Despite this leveling off the UK now has a very strong and vibrant betting scene. In every community resides someone who makes a living on the punt and is seen to be doing very well out of it. Numerous people are able to at least finish straight across with their betting. Betfair calculates that 98% of their clients lose after commission but that still leaves 1 in 50  turning a profit. Making a profit punting in these conditions isn’t easy, you have to work hard at it but the rewards are there if you do.

What matters is that it can be done and that there are plenty of people around proving it. This fires up people to want to join them. All the people breaking even this year are convinced that next year is going to be the one that sees them move into the black and beyond.

If you are anti-gambling then you’ll view all this as a curse and a blight on society with people wasting their time when they should be doing something productive, worthwhile , earnest and soulful.

I see it as an intellectual challenge. It requires objective thought, the ability to weigh various factors accurately, courage, patience, self discipline and resilience. It expands the mind – it’s good for you!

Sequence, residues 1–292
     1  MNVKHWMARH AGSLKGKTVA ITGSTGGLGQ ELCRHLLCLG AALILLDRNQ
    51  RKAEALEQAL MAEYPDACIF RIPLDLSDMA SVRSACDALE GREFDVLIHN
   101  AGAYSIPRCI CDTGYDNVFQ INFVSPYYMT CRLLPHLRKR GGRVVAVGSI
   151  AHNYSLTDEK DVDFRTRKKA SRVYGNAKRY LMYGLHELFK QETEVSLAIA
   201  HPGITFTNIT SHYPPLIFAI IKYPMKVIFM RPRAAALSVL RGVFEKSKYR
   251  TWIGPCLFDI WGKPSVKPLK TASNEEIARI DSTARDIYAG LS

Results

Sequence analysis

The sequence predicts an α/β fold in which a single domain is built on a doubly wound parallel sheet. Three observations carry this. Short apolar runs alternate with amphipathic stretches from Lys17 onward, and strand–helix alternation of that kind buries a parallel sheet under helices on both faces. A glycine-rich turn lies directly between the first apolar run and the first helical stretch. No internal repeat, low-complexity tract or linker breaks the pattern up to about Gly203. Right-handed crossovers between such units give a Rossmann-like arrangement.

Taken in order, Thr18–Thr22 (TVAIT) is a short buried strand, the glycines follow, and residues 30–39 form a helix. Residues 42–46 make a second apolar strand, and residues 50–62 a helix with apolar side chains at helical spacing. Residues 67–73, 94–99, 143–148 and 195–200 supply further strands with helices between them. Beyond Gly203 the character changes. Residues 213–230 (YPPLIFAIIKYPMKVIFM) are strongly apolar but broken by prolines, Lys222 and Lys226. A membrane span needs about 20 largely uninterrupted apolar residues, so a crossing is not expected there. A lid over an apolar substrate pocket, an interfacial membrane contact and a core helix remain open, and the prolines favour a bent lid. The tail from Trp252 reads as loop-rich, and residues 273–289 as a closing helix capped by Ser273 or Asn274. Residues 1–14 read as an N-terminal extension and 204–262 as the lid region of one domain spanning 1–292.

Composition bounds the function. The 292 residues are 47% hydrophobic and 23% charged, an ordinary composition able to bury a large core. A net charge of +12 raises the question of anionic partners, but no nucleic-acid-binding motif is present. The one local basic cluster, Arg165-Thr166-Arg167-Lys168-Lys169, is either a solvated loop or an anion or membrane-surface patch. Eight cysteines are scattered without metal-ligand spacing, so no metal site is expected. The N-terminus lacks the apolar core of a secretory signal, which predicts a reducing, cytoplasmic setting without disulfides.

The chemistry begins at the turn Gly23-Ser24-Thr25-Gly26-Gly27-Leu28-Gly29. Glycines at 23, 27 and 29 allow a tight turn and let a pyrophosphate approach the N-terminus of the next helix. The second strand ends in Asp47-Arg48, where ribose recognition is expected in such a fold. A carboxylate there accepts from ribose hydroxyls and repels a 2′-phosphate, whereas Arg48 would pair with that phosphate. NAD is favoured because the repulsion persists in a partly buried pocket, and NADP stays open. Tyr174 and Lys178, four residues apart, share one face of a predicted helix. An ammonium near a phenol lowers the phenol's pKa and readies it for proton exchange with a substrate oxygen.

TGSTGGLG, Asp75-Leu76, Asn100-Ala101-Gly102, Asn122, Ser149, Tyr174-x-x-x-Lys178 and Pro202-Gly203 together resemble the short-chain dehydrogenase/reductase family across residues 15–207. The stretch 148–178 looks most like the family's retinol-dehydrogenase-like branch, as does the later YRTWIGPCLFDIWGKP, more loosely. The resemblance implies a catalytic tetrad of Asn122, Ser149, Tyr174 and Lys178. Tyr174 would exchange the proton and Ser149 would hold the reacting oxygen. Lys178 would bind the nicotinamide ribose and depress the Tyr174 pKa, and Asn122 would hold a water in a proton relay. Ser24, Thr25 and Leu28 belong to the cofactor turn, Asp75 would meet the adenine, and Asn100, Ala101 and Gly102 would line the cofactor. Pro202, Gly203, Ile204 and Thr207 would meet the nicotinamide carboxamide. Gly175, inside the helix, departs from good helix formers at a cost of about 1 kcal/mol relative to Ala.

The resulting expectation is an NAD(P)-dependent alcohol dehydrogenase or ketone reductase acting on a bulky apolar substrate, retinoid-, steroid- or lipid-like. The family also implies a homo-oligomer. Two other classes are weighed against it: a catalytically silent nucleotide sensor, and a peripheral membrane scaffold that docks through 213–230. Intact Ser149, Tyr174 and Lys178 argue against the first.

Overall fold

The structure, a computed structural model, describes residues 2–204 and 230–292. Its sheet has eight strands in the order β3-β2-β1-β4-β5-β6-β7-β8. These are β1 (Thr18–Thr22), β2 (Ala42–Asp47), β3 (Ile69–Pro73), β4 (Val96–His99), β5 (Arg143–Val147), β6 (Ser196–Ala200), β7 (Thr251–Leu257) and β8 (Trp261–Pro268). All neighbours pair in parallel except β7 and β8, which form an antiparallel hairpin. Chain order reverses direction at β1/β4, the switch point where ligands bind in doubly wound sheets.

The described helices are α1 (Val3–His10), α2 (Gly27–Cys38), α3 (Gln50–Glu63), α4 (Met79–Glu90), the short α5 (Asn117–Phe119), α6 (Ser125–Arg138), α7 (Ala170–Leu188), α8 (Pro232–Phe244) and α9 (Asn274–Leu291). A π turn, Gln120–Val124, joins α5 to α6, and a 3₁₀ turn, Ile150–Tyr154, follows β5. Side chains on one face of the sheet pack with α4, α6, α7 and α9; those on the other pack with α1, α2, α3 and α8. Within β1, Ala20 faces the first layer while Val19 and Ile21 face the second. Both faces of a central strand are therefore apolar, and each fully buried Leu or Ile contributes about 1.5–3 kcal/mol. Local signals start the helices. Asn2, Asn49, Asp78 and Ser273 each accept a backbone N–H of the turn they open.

So what did this betting revolution do for the racing over in Britain.

Well for a start people started going back to the races.

Racecourse attendances in 2004 exceeded 6 million for the first time since the 1950’s. There was a slight drop off after this and through the GFC  but the numbers have climbed back up again each of the last 3 years and well over 6 million attended the races last year. This is despite the UK being in recession.

Certainly the racecourses there have worked hard to promote their race days with live acts playing after evening racing, ladies days, theme days etc, but so they should. If you’re competing for the consumers money you’re going to have to give them what they want.